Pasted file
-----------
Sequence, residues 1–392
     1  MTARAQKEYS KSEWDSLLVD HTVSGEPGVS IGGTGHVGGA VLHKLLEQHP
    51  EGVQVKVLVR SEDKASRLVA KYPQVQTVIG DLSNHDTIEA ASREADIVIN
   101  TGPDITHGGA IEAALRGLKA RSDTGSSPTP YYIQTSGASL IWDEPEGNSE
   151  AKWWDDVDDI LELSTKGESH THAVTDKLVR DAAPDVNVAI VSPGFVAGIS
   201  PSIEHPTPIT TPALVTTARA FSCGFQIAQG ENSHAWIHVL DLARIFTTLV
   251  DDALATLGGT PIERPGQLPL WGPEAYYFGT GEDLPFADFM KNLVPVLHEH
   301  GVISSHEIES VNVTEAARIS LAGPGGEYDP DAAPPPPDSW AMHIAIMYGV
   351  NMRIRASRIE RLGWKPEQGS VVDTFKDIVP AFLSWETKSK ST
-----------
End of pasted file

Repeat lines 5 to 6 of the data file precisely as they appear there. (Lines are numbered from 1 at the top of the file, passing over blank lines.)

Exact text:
   151  AKWWDDVDDI LELSTKGESH THAVTDKLVR DAAPDVNVAI VSPGFVAGIS
   201  PSIEHPTPIT TPALVTTARA FSCGFQIAQG ENSHAWIHVL DLARIFTTLV